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Canadian Urbanism Uncovered

Toronto’s Art Deco legacy celebrated

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Facing each other across Spadina Avenue just north of Adelaide, the Tower and Balfour Buildings frame a striking entryway into Toronto’s Fashion District.

Previously known as the Garment District, the neighbourhood was home to many of Toronto’s textile workers, who were predominantly Jewish immigrants.

Masterpieces of Art Deco architecture, the Balfour and Tower buildings were originally built to house those garment businesses and their showrooms, raising the prominence of the industry, and the city with it.

Designed by Benjamin Brown in the late 1920s, their towering elegance was symbolic of Toronto’s transformation into a modern metropolis — a financial, cultural and transportation hub with a swelling population over 200 000.

That elegance extended to several other Brown-designed buildings nearby including The Commodore on Adelaide, The New Textile Building on Richmond (now an OCADU building) and the Hermant Building at Yonge and Dundas Square.

Despite defining the city at a critical point in its history, Benjamin Brown has remained relatively unknown.

At a time when people weren’t interested in Toronto’s architectural history, let alone the work of a single architect, Brown’s entire collection of drawings were forgotten about in the architect’s garage and left to deteriorate.

When Brown died, he left the collection to fellow architect Jim Levine, one of the only people who recognized the value of the work.

The Ontario Jewish Archives took over the collection in the 80s and has painstakingly restored it, ensuring that a valuable archive of drawings that document the emerging modernity of Toronto was not lost. Highlights of the collection are now on view in an exhibit of Benjamin Brown’s work at the Urbanspace Gallery on the ground floor of 401 Richmond, until April 23.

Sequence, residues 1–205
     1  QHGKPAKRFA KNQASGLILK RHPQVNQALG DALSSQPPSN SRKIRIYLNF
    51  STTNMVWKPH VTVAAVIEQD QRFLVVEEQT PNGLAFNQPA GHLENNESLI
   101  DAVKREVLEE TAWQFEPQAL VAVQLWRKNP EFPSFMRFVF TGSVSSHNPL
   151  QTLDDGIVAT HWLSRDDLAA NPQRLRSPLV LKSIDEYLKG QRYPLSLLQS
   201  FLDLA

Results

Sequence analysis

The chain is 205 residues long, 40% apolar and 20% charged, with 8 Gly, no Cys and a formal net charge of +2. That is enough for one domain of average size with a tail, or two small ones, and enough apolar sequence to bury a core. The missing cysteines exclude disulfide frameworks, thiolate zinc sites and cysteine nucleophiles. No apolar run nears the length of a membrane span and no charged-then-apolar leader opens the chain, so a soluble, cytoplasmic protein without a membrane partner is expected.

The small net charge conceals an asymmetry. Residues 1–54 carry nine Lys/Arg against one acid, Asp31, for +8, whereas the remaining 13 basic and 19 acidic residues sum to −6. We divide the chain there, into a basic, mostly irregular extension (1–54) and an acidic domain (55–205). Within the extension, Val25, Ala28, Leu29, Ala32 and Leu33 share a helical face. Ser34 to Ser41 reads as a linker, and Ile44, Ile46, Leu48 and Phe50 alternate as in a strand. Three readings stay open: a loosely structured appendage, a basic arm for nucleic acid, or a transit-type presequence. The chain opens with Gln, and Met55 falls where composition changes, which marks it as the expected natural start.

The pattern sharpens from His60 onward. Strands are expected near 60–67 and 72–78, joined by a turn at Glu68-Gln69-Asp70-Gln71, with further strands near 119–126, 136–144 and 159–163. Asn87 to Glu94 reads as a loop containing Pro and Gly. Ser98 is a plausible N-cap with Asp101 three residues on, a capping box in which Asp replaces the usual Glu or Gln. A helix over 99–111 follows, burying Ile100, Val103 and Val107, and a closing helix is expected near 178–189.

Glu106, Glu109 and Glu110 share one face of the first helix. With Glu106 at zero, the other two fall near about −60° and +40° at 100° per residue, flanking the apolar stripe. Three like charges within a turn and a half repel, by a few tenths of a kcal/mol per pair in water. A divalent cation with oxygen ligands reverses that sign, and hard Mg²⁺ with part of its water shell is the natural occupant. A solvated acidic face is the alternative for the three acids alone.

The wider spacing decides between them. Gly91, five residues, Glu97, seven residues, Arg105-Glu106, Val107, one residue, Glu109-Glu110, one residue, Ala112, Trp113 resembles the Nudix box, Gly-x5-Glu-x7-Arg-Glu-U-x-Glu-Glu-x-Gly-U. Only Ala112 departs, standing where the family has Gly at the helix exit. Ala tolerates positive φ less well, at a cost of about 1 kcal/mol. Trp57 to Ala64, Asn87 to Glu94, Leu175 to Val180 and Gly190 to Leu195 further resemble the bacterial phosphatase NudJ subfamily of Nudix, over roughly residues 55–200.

The exhibit of Benjamin Brown's work at the Urbanspace Gallery at 401 Richmond runs until April 23
The exhibit of Benjamin Brown’s work at the Urbanspace Gallery in 401 Richmond runs until April 23

The exhibit is an opportunity to get an up-close view of Benjamin Brown’s expertly executed hand-drawn plans and renderings. Brown was a master of lines. His incredibly detailed drawings even include the buildings’ ornamental windows and decorative stonework.

Brown’s drawings are also poignant portraits of Toronto in the 1920s and 30s, where the aerodynamic shapes and sleek lines of Art Deco and Art Moderne dominated architecture and fashion. In the cinematic rendering of the Tower Building – a night time, rainy scene that is a far cry from today’s style of renderings – Spadina is bustling with crowds in stylish coats as streamline automobiles motor by.

Benjamin Brown's rendering of the Tower Building (1927)
Benjamin Brown’s rendering of the Tower Building (1927)

Brown was one of the first Jewish architects to build and sustain a successful practice in Toronto despite the discrimination within the city in the early 1900s. As a result, he was the architect of many spaces for the Jewish community, including Beth Jacob Synagogue (today, a Russian Orthodox Church) and the Primrose Club on Willcocks, a social club for Jewish men (today, it’s the University of Toronto’s faculty club).

As an artist and urban geographer, I was delighted to participate in the exhibit by illustrating many of Brown’s best known buildings, tracing over his lines and creating a map showing the geographic expansiveness of his life’s work. Indeed, Benjamin Brown has hundreds of commissions spread throughout the city.